I signed up for band in school and, much to my parents’ chagrin, chose the drum as my instrument. So I got one of those practice pads—a piece of rubber glued to a piece of wood—and some sticks. It would be a few years before I would get a real drum and then a few more before I would get my first drum set.  I loved my drum. My parents loved my practice pad.

When I was a kid I also went to church…a lot. I was involved in youth group and youth choir, and I was in the church for every service—which back then was a minimum of three times a week—Sunday morning, Sunday evening and Wednesday night prayer meetings.  I loved my church.

Back in the 1960s music in church was pretty traditional: we had a choir, and a piano and organ accompaniment. On very rare occasions a talented adult or student who played a trumpet, clarinet or flute might be invited to play for “special music,” usually during the offering. Oddly, this invitation was never extended to a drummer. (Although I could play bongo drums at a youth retreat to accompany “Kumbaya My Lord.”)

It was stated unapologetically that drums were not a suitable instrument for church music, and certainly not appropriate for the platform. The platform—that was what non-liturgical churches like mine called the chancel area. While not liturgical, the platform was still considered a “sacred space” and the items on the platform had symbolic significance. There was a communion table, which contained the Welch’s grape juice and saltine crackers on Communion Sunday and a large super-sized Bible on the Sundays when communion was not served. There was a pulpit, where the Word of God would be proclaimed each week, and behind the pulpit was a cross on the center wall. Under that cross was the baptismal (for you non-Baptists, that is a large tub filled with water, big enough for two people.)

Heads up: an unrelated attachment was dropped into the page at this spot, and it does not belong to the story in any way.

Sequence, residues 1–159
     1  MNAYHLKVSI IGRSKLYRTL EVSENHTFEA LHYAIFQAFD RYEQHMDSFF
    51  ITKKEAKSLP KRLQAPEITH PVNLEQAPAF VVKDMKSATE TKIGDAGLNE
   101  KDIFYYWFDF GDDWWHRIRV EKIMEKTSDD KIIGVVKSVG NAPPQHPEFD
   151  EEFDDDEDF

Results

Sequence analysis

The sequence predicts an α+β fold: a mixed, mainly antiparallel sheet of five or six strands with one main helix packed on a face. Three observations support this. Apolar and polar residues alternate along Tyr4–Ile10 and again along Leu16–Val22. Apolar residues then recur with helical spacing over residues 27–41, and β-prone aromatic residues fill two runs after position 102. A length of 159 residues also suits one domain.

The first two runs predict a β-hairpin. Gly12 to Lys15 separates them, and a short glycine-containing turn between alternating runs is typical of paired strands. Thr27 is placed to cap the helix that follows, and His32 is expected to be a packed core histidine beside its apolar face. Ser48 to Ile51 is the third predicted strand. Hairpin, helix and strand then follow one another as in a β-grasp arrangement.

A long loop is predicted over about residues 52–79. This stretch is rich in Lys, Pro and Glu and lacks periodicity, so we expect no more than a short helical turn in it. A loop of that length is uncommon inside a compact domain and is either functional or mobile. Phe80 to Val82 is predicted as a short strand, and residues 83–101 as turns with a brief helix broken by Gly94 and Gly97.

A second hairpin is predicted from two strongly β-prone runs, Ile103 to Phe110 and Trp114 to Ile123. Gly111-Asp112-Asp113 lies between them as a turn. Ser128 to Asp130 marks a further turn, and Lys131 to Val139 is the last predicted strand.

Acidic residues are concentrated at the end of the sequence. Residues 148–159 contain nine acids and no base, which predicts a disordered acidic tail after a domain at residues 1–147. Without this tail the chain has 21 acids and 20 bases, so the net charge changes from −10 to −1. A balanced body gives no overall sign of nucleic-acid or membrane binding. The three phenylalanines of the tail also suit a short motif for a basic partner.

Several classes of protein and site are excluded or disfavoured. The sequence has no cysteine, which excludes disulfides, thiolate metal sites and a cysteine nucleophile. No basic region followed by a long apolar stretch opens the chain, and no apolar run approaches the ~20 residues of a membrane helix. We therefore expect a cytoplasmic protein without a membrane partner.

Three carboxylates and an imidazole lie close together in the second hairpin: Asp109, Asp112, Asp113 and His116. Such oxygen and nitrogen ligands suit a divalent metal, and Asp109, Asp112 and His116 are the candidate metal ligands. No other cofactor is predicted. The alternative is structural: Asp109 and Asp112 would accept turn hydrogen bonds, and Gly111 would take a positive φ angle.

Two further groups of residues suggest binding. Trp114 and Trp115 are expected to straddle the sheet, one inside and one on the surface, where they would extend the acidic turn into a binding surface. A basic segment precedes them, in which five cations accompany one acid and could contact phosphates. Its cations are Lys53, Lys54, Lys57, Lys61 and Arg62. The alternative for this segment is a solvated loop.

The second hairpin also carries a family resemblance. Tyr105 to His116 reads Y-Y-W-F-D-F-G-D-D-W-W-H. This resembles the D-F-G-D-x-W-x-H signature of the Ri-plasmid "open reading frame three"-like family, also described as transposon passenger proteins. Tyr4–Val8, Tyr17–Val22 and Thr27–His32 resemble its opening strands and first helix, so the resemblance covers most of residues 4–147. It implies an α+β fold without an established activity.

There were usually no musical instruments on the platform. The piano and organ flanked each side of the platform and in our church were actually on the floor, not the platform.

I’ll never forget the Sunday night that things changed. I was invited to bring my drum and a cymbal and set it up beside the piano and to play, yes play my drum, to one song. Oh, the thrill I felt. I was going to play my drum in church. It was nothing too jazzy and certainly not rock-n-roll. The song was Onward Christian Soldiers and I would tap out a march to match the military cadence of the song. I felt like the little drummer boy in the Christmas carol: pa rum pum pum pum.

My how times have changed…

Today it is rare to go in to a church and not see a drum set. Even in more liturgical churches. The church has changed, music styles have changed and the platform has changed.